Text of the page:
President Obama and Secretary of Education Arne Duncan met privately with a group of college presidents Monday to discuss ways to address the soaring cost of college education.
The private meeting was part of a push by elected officials to get colleges thinking seriously about ways they can improve the value and quality of education. The discussion comes as the national Occupy protests have raised concerns over student debt, and the Federal Reserve Bank of New York announced that the total number of outstanding student loans was $845 billion — nearly $300 billion higher than the bank previously announced.
Rebecca Guterman, a sophomore at the University of Chicago, said that she felt the cost of college was too high.
“I don’t know exact statistics, but I’ve always had the impression that the cost of college goes up much more quickly than cost of living in general,” Guterman wrote in an e-mail. “When education is something that ideally should be as affordable as possible for as many people as possible.”
Crystal Tsoi, a senior at the University of Chicago, agreed that the price of attending college was too high, but that the University college aid took all relevant factors into consideration when calculating financial aid packages. This year, Tsoi said, she only has to pay one-third of the tuition she paid in previous years because one of her siblings started attending college.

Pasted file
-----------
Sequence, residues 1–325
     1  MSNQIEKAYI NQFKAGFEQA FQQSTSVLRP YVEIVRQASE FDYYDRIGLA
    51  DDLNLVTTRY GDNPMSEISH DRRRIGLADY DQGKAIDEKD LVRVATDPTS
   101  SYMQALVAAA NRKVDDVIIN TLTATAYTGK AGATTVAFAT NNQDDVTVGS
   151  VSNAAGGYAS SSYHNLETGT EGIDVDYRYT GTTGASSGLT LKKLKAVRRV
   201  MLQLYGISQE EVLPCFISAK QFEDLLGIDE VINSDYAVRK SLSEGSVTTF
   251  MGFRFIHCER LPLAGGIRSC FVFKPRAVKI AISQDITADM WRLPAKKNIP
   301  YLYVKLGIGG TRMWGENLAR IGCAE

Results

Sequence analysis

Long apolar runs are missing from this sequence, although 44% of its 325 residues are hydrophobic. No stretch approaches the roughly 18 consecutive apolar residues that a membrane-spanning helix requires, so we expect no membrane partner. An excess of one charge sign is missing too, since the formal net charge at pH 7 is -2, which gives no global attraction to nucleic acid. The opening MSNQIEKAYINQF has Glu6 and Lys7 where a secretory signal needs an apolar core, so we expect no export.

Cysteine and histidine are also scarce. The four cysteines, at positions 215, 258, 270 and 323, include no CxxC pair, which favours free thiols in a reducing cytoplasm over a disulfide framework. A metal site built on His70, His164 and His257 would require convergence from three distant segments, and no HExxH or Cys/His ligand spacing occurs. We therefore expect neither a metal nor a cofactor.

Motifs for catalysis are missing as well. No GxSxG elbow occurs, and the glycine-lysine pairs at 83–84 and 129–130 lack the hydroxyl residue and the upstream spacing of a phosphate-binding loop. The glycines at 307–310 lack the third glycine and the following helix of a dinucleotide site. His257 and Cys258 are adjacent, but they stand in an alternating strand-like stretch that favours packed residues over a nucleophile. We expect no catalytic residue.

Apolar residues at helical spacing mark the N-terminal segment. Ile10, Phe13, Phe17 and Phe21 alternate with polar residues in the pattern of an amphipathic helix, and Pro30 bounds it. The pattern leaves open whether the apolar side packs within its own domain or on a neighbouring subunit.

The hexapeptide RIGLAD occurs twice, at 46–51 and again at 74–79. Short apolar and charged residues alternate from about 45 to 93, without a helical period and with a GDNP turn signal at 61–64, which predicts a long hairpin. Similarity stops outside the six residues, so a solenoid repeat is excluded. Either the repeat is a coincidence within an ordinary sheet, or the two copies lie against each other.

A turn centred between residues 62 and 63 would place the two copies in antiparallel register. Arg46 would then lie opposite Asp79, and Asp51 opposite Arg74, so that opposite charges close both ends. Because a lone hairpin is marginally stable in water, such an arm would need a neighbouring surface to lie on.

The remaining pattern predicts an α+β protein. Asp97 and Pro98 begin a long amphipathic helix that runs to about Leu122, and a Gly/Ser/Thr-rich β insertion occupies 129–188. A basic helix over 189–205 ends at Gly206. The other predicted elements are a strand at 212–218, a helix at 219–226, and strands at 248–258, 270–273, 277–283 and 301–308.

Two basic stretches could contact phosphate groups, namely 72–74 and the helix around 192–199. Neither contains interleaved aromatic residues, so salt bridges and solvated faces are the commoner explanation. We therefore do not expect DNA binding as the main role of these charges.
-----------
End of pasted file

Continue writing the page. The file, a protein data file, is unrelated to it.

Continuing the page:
Last week, in a speech at the Federal Student Aid conference in Las Vegas, Duncan said that colleges should “think more creatively—and with much greater urgency” about the price of college. According to an Inside Higher-Ed article, colleges have increased tuition while reducing the amount of money going directly toward direct student instruction.
Tsoi said she thought schools should spend less money on administrative and construction, and instead allocate more funds to student services.
“I can understand maintaining a nice quad for the students and visitors,” she said in an email. “But the utility students get from a re-tiled quadrangle is much smaller than investing funds toward bolstering student life activities.”
Guterman said that she was bothered by how little she knew about how her tuition was spent non-academically.
“For me, since I live in a dorm that I feel is kind of falling apart…it has elevator outages and water pressure issues multiple times per quarter…I don’t understand what I’m paying for and where all my money goes,” she said.
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